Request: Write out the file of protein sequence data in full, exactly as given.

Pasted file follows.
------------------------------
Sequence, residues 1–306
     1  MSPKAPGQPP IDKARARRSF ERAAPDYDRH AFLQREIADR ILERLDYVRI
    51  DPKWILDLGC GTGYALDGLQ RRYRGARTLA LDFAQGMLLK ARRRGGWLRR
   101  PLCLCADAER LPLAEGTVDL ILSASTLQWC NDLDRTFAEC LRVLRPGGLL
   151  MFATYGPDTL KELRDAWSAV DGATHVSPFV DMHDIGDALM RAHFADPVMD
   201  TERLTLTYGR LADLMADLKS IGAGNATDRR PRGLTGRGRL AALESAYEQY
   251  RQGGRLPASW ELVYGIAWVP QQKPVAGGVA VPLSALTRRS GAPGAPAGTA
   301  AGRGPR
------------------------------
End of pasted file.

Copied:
Sequence, residues 1–306
     1  MSPKAPGQPP IDKARARRSF ERAAPDYDRH AFLQREIADR ILERLDYVRI
    51  DPKWILDLGC GTGYALDGLQ RRYRGARTLA LDFAQGMLLK ARRRGGWLRR
   101  PLCLCADAER LPLAEGTVDL ILSASTLQWC NDLDRTFAEC LRVLRPGGLL
   151  MFATYGPDTL KELRDAWSAV DGATHVSPFV DMHDIGDALM RAHFADPVMD
   201  TERLTLTYGR LADLMADLKS IGAGNATDRR PRGLTGRGRL AALESAYEQY
   251  RQGGRLPASW ELVYGIAWVP QQKPVAGGVA VPLSALTRRS GAPGAPAGTA
   301  AGRGPR